Joni Blecher, a.k.a. the Cell Phone Diva, wants to answer all your questions about cell phones, service plans, and wireless connectivity. Send her a question!
The network dance
I am not having good reception on my AT&T wireless digital phone. I'm not certain if it is the phone or the service. When I went to several AT&T stores, the salesperson said that I should change to the newer GSM system and GSM phones should work better and cost less than my current plan. I was told the networks with GSM national are better. In your industry experience, should I switch to GSM service?
Thanks for your help.
It's not a question of which network is better but what works best for you. But first, let me translate what the salespeople are saying: The phone you have works on the TDMA network, which is an older technology than GSM. AT&T Wireless and Cingular Wireless have spent the past few years building out digital GSM networks and slowly transitioning existing TDMA users to GSM service by offering more handsets and better-priced plans. At this point, there is more support for GSM networks, and coverage areas are improving.
That said, the bottom line is that if the service works for you where you need it, go ahead and switch. Before signing on the dotted line, however, inquire about the return policy. Find out how long you can try out the new service before you can return it without incurring any penalties. For more information, see our cell phone buying guide
If you buy a camera phone, can you download the pictures you take from the phone onto your computer, without having to e-mail it from your phone at an additional cost?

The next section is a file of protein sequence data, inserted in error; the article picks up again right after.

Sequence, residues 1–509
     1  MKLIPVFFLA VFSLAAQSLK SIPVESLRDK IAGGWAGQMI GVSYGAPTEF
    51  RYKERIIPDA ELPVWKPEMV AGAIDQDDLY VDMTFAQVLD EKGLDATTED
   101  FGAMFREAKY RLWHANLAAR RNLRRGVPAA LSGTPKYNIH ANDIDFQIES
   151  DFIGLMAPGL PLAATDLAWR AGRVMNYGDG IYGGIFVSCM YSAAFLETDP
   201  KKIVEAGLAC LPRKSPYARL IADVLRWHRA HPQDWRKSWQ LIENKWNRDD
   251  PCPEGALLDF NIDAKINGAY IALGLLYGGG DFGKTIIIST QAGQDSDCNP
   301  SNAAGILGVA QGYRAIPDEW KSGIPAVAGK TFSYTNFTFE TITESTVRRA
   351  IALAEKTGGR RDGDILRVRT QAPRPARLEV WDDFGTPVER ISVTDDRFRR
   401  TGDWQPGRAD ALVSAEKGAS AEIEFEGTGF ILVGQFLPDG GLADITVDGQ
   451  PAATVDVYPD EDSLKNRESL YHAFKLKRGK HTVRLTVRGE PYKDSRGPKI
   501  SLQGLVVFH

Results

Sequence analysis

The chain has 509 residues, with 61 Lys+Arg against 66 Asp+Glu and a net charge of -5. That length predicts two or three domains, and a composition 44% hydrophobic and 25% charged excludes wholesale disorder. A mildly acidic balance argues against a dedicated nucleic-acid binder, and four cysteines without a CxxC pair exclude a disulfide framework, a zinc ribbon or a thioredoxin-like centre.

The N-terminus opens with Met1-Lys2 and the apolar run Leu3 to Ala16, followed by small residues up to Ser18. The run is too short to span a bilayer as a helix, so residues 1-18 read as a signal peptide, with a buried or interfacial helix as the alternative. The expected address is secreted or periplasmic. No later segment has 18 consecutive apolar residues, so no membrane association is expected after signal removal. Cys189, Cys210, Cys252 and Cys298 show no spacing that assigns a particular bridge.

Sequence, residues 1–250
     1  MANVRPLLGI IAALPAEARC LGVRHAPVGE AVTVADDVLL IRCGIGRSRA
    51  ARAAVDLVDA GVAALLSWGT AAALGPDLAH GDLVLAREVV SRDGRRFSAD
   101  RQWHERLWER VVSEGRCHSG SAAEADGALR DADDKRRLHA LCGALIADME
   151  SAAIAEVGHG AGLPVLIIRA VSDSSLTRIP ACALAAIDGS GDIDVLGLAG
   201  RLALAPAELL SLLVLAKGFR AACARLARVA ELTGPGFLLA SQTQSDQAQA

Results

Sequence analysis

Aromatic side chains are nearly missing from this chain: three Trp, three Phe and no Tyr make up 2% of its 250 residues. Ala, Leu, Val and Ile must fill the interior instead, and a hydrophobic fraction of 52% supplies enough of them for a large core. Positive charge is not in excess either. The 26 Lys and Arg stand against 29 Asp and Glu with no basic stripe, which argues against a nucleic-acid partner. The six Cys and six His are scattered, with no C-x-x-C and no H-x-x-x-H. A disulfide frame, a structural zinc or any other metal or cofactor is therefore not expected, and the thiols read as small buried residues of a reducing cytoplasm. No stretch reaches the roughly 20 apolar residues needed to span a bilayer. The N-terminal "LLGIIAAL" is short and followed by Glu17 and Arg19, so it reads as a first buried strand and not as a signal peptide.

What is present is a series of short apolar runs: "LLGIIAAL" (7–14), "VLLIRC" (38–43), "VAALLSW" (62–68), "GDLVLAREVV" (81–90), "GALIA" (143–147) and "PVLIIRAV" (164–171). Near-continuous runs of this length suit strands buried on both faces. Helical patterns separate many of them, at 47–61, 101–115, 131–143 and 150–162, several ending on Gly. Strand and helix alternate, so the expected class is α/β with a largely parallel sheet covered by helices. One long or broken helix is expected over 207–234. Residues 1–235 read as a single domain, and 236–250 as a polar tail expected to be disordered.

Absolutely! There's no need for images to be held captive in your handset. Just be prepared to get a couple of accessories to connect your wireless phone with your computer--that is, if you don't have a Bluetooth- or IR-enabled handset. If your mobile does have Bluetooth or an IR port, then you can send images to compatible computers or handhelds and sync up images with the desktop.
If you don't have any extra wireless features on your phone, no worries; just check out your phone manufacturer's Web site for compatible cables and software. Beware that sometimes these products are sold separately. For more information on setting your pictures free from your phone, check out the book How to Do Everything with Your Camera Phone
by John Frederick Moore.
Do you have a recommendation for a simple, easy-to-use cell phone for seniors? Large buttons, few functions, turns off when closed?
As phones shrink in size and add features, finding a handset that's easy to use is not as simple as it might seem. This is not an uncommon request; in fact, my dad asks me the same question often. He fondly refers to them as KIS (keep it simple
) products. That said, we've made it easier to find KIS phones by creating a top products list of basic phones
How would you use a high-speed data network? TalkBack to me below.